Skip to main content

This week a co-worker took the WLC interns to Khayelitsha, a township right outside of Cape Town where she travels to every Thursday. For the first time I rode one of the city’s mini-van buses as I ventured into a part of the city completely unfamiliar to me. Khayelitsha is South Africa’s largest and fastest growing township, and it is made up of mostly informal settlements and shanty houses. We visited the Rape Crisis Center and listened to the director speak powerfully and passionately about her engagement and work with the women that she counsels. When we walked through part of town to look for our ride back, people stared curiously at us. This was probably one of the only places I visited in Cape Town that wasn’t a frequent tourist spot.

Two days later, I paid about 400 Rand (~$30USD) to sit at the Mount Nelson Hotel for “Tea Time.” Again, I felt completely out of place. As we walked in, a crowd made up of white older tourists looked up holding their teacups, scanning our friend group. After we were seated on plush benches, our waiter gave us a detailed explanation about the hotel’s status among the elite. “Queen Elizabeth actually had her 21st birthday party here,” he said. We were given a menu of fancy-sounding “exotic” teas and ate tiers of hor d’oeuvres and small desserts.

Later that evening, we walked down Long Street looking for a bar and good music while were followed for about 2 blocks by a pair of men trying to sell us something. After we settled into a bar that was playing American hip-hop & R&B throwbacks, we danced and partied among a group of locals, young people, and tourists. Even though I was having a great time (and felt relieved to finally be in a party space that wasn’t predominantly white), it still felt like we were a spectacle of naive, dancing Americans, intruding a space that wasn’t for us.

What does “getting to know Cape Town” really mean? There are supposedly a million things to do here, yet many times after work I find myself sitting on my bed doing with absolutely nothing to do. When I do go out to explore the city, I come back feeling unsettled. It feels invasive and unethical to visit local communities and spectate at their culture and living spaces.  It feels superficial to visit Cape Town’s “best” restaurants, bars or beaches, especially when they are packed with wealthy white crowds. It feels risky to walk down Long Street late at night and enter bars and party spaces when I don’t know anybody in the crowd. All of the reasons why I don’t feel comfortable in these spaces can be attributed to my identity, to power structures, to privilege, and to the different ways these things overlap.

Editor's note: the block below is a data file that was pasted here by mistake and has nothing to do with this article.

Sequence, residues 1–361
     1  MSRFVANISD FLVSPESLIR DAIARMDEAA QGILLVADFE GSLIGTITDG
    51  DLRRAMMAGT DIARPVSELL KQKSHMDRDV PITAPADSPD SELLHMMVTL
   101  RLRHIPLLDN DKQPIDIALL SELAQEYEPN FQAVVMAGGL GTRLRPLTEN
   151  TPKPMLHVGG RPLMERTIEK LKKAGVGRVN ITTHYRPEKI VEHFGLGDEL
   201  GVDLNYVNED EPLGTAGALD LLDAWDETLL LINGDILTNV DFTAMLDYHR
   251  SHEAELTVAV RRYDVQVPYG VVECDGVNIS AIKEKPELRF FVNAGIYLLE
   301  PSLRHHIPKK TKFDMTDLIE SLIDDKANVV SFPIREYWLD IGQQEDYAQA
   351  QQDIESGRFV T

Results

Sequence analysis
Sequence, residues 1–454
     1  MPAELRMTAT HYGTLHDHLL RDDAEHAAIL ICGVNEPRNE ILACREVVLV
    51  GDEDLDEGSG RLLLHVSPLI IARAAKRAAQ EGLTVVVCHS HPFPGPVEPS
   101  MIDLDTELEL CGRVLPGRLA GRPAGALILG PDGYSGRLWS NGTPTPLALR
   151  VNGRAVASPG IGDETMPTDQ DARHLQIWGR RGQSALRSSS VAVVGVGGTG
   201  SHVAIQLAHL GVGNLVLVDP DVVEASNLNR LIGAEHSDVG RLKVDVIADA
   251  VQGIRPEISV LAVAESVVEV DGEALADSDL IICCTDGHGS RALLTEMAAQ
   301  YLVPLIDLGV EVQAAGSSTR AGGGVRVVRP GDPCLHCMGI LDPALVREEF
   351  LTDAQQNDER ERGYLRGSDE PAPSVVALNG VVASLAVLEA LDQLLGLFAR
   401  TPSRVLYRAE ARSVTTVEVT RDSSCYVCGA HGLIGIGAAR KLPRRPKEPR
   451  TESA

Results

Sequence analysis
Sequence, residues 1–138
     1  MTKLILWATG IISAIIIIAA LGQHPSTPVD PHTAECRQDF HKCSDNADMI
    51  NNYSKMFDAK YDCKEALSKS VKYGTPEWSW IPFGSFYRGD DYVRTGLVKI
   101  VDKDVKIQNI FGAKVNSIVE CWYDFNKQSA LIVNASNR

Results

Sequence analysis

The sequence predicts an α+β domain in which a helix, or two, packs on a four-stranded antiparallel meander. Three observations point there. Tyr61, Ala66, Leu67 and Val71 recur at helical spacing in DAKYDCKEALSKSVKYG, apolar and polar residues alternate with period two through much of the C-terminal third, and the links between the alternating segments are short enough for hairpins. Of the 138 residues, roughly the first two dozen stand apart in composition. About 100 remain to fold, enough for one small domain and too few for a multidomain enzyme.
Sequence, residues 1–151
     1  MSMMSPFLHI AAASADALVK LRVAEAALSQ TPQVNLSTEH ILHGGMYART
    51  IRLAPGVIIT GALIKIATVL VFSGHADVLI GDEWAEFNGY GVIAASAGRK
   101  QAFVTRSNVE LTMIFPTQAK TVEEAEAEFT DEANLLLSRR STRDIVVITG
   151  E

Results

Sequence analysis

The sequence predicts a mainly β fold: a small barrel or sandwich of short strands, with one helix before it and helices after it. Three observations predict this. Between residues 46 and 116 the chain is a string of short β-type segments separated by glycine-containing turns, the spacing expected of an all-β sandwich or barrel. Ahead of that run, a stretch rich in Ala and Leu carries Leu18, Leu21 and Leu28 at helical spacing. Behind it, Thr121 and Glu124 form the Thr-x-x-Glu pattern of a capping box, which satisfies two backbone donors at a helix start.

During our group discussions, we’ve talked about struggling with the concept of ethical engagement. Our individual identities and the places we go challenge all of us to think about our actions. Where I should go, where I want to go, where I’m welcomed, and where I’m safe are spaces that I struggle to identify, and they are spaces don’t always overlap. I want to make the most of my time here and engage with the community as much as possible, but I don’t really know how to. Maybe I’m searching for a sense of belonging or comfort that I’ll never find, rightfully so.